Intelligence testing on Ellis Island for immigrants entering the land of the free. Testing has had a long history sorting out people using doubtful measures. Nothing has changed it seems. Testing reflects the 'mindsets', or ideology, of those who set the tests.
I recently read about a book 'Wounded by School' and ordered it on Amazon. By chance I happen to read an online discussion about the very book.
It ties in well with the current standards debate.
The discussion centred on all those who have not found schooling to their liking . It seemed to sum up the sad story behind the phrase 'achievement tail'- a tail created by outdated mono cultural schools and by the political decisions that force citizens to live lives of poverty and then blamed for their situation.
That there is a real need to face up to the human destruction created by political decisions of the past was written passionately about by Kerre Woodham in one of her recent Herald on Sunday columns. She describes the actions of the mindless violence caused by gangs as young as eight or so. This is the result of the underclass created by decisions beyond the influence of individual citizens.
Introducing national standards will only add to the sense of failure we are creating in too many of our students from low socio economic schools.
Findlay McDonald, a Sunday Times columnist, writes that they are 'an updated version of the Victorian schoolroom where students have it drummed into them early as possible that they either successes or failures'. He continues that, 'national standards are a sentimental yearning for some imagined golden age when the three Rs ruled' .He continues, 'they will prove nothing more than what we already know - poor kids from poor backgrounds at poor schools will struggle, while comparatively privileged, middle and upper classes thrive regardless...the Minister is unable to present evidence to support the introduction of the national standards.'
Back to 'Wounded by School' comments.
The author says that kids take on the identities of being "smart" or"dumb" as a result of their experiences and that as teachers we lose track of the effect of schooling on kids. Teachers, she says, see the need to gain an education but, for all that, too many of our students still leave 'wounded'.
One contributor, a retired school superintendent, writes that 'teachers are force fed programmes with the only real concern being the raising of standardized test scores' and 'fears that ill-advised emphasis of the test being the end-and be-all is setting the country's future on a course of economic doom'. He writes about the pressure being put on teachers to perform and as a result many teachers are disheartened and worn down.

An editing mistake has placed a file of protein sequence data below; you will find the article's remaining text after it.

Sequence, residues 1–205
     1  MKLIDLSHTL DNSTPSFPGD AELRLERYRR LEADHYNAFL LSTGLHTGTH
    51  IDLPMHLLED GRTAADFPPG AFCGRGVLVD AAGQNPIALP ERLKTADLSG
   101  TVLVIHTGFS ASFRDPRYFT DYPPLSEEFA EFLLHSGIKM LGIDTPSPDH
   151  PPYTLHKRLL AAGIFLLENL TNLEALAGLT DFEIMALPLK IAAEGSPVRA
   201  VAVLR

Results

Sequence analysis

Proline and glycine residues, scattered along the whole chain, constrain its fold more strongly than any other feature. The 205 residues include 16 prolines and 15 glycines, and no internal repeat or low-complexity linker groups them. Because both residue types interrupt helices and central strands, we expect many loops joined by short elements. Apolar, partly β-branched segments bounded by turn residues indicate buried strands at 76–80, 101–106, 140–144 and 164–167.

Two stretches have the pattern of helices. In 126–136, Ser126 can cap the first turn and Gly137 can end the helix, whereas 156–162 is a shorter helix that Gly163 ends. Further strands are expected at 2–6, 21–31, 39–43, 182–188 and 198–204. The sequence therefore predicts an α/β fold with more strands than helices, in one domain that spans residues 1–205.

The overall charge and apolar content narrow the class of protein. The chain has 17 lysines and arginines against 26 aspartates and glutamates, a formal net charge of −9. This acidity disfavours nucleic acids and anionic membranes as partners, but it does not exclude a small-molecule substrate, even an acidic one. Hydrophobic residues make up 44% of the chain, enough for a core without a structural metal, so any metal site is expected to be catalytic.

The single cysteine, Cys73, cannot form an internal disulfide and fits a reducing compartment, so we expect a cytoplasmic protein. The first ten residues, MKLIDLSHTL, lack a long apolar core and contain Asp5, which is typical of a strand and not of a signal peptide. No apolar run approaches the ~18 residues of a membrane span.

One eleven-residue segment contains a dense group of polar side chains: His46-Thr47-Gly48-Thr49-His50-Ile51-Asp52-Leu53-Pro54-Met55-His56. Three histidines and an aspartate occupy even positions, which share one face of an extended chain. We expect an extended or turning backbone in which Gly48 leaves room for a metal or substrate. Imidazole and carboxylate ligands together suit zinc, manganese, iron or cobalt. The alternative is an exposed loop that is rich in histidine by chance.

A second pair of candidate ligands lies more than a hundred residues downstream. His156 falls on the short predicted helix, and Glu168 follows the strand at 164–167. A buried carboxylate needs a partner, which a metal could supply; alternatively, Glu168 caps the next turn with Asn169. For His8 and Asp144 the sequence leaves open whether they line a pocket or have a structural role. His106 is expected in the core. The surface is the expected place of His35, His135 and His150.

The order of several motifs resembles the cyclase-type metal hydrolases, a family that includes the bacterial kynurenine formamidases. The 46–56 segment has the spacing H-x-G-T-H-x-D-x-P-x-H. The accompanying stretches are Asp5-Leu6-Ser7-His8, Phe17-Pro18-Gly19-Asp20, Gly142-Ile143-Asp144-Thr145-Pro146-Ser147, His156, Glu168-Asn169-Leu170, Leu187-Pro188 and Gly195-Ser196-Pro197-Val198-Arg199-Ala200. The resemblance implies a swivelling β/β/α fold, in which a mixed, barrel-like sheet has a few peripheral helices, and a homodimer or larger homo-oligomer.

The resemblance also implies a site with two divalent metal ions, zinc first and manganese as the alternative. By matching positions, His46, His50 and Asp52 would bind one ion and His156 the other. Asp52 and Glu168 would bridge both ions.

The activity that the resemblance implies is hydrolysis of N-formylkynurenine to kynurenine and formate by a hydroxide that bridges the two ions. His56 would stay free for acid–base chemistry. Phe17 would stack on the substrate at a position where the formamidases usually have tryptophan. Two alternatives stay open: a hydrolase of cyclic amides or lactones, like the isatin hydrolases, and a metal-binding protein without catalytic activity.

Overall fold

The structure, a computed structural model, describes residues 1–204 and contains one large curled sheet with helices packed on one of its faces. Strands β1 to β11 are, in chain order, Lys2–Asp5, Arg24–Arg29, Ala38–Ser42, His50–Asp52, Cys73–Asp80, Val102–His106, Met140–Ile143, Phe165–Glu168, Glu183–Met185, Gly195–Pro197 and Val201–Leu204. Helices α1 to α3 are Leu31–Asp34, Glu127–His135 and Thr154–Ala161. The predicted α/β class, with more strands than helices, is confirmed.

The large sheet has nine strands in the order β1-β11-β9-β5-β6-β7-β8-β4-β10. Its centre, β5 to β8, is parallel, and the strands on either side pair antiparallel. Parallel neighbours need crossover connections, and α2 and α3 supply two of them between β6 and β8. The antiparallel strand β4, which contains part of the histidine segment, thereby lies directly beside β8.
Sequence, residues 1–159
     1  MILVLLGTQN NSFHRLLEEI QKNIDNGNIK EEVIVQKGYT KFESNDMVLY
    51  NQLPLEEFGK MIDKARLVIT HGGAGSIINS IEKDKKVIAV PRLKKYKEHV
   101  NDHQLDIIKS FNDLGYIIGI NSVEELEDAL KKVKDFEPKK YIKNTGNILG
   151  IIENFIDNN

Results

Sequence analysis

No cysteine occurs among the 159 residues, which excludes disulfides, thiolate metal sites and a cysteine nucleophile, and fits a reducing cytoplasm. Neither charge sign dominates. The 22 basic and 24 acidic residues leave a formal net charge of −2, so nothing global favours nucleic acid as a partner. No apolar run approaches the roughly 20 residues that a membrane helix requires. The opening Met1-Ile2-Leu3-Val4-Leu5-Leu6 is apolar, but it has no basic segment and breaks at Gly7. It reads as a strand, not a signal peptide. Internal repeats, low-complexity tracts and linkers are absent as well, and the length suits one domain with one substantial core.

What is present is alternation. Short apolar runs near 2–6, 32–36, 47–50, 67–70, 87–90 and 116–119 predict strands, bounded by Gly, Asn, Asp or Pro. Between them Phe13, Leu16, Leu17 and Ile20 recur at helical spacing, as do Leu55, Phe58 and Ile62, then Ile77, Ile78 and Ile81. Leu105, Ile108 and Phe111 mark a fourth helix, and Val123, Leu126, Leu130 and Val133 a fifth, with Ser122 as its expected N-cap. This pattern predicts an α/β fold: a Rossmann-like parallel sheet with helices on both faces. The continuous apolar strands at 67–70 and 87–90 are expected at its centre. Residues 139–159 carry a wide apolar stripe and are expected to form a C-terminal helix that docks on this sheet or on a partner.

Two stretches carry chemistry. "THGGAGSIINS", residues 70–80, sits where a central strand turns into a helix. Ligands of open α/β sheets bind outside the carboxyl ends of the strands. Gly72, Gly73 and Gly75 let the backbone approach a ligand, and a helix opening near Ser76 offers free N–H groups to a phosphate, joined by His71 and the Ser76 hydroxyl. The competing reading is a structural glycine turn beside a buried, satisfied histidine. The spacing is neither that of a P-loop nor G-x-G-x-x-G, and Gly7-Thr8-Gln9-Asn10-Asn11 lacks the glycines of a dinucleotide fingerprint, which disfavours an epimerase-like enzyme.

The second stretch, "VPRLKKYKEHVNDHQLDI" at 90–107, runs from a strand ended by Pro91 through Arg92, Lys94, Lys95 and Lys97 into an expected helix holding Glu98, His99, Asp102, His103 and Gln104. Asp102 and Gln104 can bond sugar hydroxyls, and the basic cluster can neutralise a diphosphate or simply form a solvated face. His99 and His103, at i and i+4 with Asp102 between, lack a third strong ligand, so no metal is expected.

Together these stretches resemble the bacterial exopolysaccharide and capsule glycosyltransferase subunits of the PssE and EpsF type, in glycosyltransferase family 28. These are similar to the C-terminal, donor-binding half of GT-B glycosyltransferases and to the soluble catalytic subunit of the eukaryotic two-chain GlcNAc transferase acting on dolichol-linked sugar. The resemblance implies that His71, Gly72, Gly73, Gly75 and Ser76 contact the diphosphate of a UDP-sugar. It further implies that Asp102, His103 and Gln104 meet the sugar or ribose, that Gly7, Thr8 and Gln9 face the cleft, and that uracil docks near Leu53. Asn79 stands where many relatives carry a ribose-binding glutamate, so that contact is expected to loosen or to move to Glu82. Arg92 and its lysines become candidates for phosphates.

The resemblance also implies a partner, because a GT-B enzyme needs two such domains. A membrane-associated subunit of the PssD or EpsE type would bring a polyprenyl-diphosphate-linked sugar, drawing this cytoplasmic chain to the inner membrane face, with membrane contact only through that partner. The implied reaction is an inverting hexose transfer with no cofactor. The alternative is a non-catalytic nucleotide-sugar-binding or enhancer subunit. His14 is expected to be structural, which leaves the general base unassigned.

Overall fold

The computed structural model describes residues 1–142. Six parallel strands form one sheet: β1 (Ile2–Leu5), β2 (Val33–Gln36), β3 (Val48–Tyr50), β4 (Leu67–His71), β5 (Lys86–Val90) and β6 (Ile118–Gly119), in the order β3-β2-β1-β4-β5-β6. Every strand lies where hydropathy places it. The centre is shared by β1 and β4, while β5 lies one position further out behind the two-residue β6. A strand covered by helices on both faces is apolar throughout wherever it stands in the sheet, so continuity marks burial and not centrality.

Is this the future for New Zealand?
The author writes that 'we as teachers have to seize hold of the profession. We need to move out of passively complaining about these polices, dry our eyes, stand up and get as mad as hell.'
Rather than testing students for achievement we ought to 'set growth targets around engagement for students' and the she would want 'every teacher to engage in an intensive professional training that defines what does powerful teaching and learning look like at our school'?
The author is skeptical about the viability of conventional classrooms and structures of schools as we live in them currently; she is talking about schools the USA. In particular she is urgently believes that we need to get rid of old fashioned high schools which she is amazed are still with us. She sees such dysfunctional schools as 'minimum security prisons'; to make them less 'wounding' is the immediate challenge; to make school less about control and domination; and less about atomisation and alienation. To do this teachers will have to face up to what is going on within schools and to look at the way power operates and who is being served by current arrangements.
If she had the power she would bring 'increased inquiry into all subjects until the senior year was really a series of (ideally) interdisciplinary open ended projects'...all this 'must increase the intrinsic motivation and optimizes the students effective learning skills'. Teachers, she says, need 'facilitate' and not 'deliver'; not to 'present' information but discuss critical and research topics. Students need to learn that real learning is often hard and involves struggle. Cognitive engagement -achieving 'flow' as as a learner - actually means being challenged but the task has to be relevant and we have to enjoy how we are learning.
To this she believes we need to have a national debate on the purpose of schooling.
Our current emphasis on standardization is wounding children -even those deemed successful. Students are unconsciously shaped by the school experiences they experience - or for many endure.
National standards will simply and efficiently 'wound' even more students creating in the process an growing number of disengaged, alienated and, all too often, angry citizens.
As teachers we should get as mad as hell.
I sure am.
I await the arrival of the book.